I’m making a ImageJ plugin for a user to enable online tracking of moving cells in a time-lapse image stack. For that I wrote a function takes an initial ROI input to detect a cell, and then tracking that cell in the next frames until it cannot be detected anymore.
However many times in the data, cell cross each other or getting too dense, so a simple auto tracking would fail. Instead of designing a sophisticated tracking algorithm, currently with the user we agreed on just to visually monitor the process and stop the auto-tracking when it makes an error. This has been done easily with plugin frame and a customised button. The button starts a new thread that runs the auto-tracking function, and if it’s already running, the button click stops it.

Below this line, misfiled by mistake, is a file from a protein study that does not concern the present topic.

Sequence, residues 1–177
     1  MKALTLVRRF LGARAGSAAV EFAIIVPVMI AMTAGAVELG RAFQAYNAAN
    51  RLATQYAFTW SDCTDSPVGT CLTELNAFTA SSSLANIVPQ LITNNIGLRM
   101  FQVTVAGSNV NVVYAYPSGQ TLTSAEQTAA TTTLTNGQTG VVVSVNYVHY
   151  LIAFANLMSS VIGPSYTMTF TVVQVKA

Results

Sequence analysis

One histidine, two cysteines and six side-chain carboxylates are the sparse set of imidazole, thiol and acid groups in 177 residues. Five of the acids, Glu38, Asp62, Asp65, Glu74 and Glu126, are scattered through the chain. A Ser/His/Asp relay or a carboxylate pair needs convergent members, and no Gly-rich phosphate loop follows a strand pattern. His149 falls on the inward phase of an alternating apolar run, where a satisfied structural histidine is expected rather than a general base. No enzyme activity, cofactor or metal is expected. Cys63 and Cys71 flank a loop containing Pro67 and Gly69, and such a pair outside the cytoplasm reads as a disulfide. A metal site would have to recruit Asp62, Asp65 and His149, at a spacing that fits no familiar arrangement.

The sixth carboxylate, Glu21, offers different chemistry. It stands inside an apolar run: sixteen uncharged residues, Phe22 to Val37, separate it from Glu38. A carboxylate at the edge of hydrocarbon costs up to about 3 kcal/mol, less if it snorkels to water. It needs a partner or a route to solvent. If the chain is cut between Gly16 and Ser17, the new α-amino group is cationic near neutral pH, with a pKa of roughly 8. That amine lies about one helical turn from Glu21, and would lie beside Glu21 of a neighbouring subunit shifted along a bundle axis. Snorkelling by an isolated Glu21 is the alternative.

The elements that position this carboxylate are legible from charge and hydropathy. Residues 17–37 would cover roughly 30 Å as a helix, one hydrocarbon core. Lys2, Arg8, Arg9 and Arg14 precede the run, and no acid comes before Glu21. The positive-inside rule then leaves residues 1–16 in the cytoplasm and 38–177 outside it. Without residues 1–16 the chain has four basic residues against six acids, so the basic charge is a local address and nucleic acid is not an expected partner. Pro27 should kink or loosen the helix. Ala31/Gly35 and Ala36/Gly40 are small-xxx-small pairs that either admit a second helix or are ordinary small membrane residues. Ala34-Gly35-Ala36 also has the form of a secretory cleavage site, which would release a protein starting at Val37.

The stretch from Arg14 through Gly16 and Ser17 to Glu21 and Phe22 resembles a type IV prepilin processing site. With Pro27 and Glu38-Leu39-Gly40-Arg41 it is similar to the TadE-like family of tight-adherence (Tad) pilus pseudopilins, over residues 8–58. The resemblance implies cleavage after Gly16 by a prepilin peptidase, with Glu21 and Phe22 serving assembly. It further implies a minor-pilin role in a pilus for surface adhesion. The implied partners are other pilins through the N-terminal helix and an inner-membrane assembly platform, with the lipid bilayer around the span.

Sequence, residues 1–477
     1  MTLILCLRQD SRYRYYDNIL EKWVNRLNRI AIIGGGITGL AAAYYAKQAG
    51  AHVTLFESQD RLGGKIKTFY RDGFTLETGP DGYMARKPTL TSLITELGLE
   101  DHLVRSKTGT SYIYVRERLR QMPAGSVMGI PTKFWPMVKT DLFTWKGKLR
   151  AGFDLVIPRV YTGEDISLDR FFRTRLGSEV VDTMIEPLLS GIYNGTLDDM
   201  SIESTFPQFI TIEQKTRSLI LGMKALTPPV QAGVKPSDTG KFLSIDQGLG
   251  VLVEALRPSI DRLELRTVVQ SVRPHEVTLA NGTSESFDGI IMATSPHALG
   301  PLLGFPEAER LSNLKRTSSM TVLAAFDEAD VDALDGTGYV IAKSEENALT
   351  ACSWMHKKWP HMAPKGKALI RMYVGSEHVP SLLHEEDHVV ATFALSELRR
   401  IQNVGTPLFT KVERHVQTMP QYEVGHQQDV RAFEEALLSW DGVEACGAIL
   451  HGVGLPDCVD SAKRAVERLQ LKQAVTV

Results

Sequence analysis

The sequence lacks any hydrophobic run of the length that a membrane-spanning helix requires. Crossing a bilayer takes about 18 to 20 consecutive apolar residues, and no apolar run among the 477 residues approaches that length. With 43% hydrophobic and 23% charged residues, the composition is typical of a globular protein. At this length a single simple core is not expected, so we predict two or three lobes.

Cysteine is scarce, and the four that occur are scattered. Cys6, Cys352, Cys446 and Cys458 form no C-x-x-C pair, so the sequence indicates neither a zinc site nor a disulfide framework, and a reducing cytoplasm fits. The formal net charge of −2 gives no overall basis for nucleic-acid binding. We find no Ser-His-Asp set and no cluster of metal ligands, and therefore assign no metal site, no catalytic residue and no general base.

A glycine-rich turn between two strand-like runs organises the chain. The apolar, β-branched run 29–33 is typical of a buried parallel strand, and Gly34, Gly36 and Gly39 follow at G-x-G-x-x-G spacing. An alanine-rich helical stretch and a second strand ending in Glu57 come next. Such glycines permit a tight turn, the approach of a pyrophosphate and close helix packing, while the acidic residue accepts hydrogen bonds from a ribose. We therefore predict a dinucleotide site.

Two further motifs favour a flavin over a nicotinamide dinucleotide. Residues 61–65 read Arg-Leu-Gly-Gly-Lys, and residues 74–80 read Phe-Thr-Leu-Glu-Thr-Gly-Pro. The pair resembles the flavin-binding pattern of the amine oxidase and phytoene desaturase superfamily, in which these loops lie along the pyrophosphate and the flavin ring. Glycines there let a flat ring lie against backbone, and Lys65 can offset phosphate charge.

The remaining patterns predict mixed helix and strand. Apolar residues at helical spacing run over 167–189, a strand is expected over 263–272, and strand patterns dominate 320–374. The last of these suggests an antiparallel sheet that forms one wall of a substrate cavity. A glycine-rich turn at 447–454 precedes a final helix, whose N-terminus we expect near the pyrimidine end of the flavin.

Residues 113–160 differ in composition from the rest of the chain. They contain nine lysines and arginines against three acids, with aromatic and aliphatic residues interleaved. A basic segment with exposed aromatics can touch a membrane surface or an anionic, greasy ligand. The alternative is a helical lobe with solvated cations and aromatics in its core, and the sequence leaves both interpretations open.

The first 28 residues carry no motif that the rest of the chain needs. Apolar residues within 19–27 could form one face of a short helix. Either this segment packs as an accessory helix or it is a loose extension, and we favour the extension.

Initially I was using Thread.stop() to stop the running tracking thread, but later I found this method has been deprecated for a long time (https://docs.oracle.com/javase/8/docs/api/java/lang/Thread.html#stop--). And then I followed up on how to terminate a thread properly in Java, and found people suggesting either use a volatile boolean flag for thread to check inside run() function, or use thread.interrupt(). But when I checked the source code of ThreadKiller in Fiji, it seems still using thread.stop() to terminate certain thread. And ThreadKiller is my choice of killing infinite loop threads and normally works well.
Therefore, I’m wondering if there’s now a standard in the community to handle thread start and stop properly in Java? Or if I’m over-thinking? Then I would be glad to simply use Thread.stop upon confirmation.
Thanks for your input.